Monday, March 08, 2010

the exclusion of conviction

Kenneth Clarke was on Radio 4's Any Questions last Friday stridently contemning all forms of extremism whether atheistic, islamist or those "way-out extreme evangelicals" (is that a description of all or only some evangelicals?). The idea was to make any kind of firmly held conviction a species of extremism, to exclude and marginalise it. Much better not to care about conviction and especially not about whatever convictions anybody else has. The absurdity of this position is of course not apparent to those who presuppose that you shouldn't have firmly held convictions but its circularity is reassuring to them. It's the conviction-rejecting politics of Gallio who "cared for none of these things" (Acts 18:17). Matthew Henry comments: "it was wrong to speak slightly of a law and religion which he might have known to be of God, and which he ought to have acquainted himself with. In what way God is to be worshipped, whether Jesus be the Messiah, and whether the gospel be a Divine revelation, are not questions of words and names, they are questions of vast importance. Gallio spoke as if he boasted of his ignorance of the Scriptures, as if the law of God was beneath his notice. Gallio cared for none of these things. If he cared not for the affronts of bad men, it was commendable; but if he concerned not himself for the abuses done to good men, his indifference was carried too far. And those who see and hear of the sufferings of God's people, and have no feeling with them, or care for them, who do not pity and pray for them, are of the same spirit as Gallio, who cared for none of these things."

Channel Four’s “Bible: A History” series contained a programme presented by Howard Jacobson. What he said about Richard Dawkins was similar:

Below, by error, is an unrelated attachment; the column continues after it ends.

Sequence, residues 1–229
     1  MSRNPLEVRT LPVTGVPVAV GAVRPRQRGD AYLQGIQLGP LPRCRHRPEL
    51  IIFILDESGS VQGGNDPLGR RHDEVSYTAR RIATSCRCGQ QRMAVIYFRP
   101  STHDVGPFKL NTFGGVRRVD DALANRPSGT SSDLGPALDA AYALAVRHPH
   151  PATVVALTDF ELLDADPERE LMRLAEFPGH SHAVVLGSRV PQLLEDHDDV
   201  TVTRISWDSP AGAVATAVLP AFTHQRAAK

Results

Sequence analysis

“I don’t practise any religion nor worship any God, and fear all fanaticism and that’s bred by faith so I ought really to be sympathetic to Dawkins’ book ‘The God Delusion’. But it moves me – to be frank – to fury. Partly because it assumes that men were stupid until science rescued them. Partly because its ignorance sees no reason not to remain ignorant of what belief is like for those who do believe. Partly because of its certainty, Where’s the point of attacking religion for thinking it has all the answers, when you think you have all the answers yourself? Blind faith is fatuous, but so is blind doubt. This is where I find myself: unable to share the faith of the religious, but unable to share the mockery of the atheists. The big question for me is how to believe, and not to believe, at the same time. Let’s confront the absolutists: those who absolutely believe and those who absolutely don’t.”

Though men think that they have found a position of safety, the no-man’s land between faith and unbelief is in truth a mirage.